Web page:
– Watch for too many joins – if you’re doing extensive reporting and have built a number of reports, and the underlying views and such for those reports, you may want to look into a data warehouse/data mart for those applications.  You can denormalize (EEK!) your tables a bit to support the queries your users need to answer and save a lot of work from SQL Server.  

– Conversely, watch for too many indexes on OLTP tables.  Many times we add indexes on tables to support queries.  Makes sense, sure.  It can help performance on queries, but it can also hurt performance on insert/update operations.  Too many indexes can force SQL Server to work harder to insert and update information in your systems.  It’s a fine line you need to walk when considering which indexes, and when there may be too many… 

– Today’s last quick suggestion is to consider using the right tools on the front-end in support of your users.  If you really do have a lot of query work being done, consider using a tool that can pull information, then work with it locally.  A good example of this is the new PowerPivot tool.  Pull information to tools that let you query and work with information, try to work away from the database to do the reporting.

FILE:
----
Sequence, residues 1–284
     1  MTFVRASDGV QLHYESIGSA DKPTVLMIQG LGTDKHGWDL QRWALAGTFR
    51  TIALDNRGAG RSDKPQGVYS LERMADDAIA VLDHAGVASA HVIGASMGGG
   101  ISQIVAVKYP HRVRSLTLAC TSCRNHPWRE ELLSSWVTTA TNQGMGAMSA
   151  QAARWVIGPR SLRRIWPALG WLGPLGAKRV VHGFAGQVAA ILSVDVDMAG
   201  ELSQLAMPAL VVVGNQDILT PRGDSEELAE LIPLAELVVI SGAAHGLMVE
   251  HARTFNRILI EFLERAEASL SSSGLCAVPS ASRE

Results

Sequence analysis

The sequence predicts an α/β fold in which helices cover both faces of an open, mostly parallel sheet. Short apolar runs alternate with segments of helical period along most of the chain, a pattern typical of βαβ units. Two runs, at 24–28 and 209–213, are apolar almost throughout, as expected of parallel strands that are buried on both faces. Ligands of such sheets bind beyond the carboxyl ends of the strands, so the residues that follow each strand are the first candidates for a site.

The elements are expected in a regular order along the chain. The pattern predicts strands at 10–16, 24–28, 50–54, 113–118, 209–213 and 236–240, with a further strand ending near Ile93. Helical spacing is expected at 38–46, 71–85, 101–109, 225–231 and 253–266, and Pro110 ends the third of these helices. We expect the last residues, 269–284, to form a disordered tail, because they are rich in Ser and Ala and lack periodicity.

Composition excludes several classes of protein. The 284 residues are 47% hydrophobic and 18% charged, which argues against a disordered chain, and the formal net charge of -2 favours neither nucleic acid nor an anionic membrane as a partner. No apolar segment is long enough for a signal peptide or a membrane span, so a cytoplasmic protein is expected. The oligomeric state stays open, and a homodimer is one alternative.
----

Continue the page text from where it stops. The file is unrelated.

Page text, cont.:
What’s coming up?

Posted: February 7, 2010 in Uncategorized

Well the super bowl is over but there is a lot to come. No I am not talking about the new season of survivor or the start of the Winter Olympics but I have to admit I am excited for both of those. If you have not had the opportunity to head to a conference or other like events to see Kalen Delaney speak about indexes, I am not sure there won’t be a better opportunity. On Feb 12th make sure that you save time to watch this online event. I don’t know of another place where you can get more for your buck.

This workshop, by Microsoft SQL Server MVP Kalen Delaney will explore what you need to know about indexes, tools you can use when working with indexes, best practices and much more. This workshop is an in-depth look at how indexes work and how they can significantly impact the performance of your queries and your systems overall.

–Taken from the web site.

In just a couple months the SSWUG Ultimate Virtual Conference is going to be presenting the Spring Conference. This event is being hosted on the same on-line platform that Kalen’s class is. Make sure that you check that out as well.

Next week the Denver SQL Server User Group and the Colorado Springs SQL Server User Groups will be meeting. I will be speaking in Denver and Josh Jones will be speaking here in Colorado Springs. More information on those events can be found here:

Have a great week.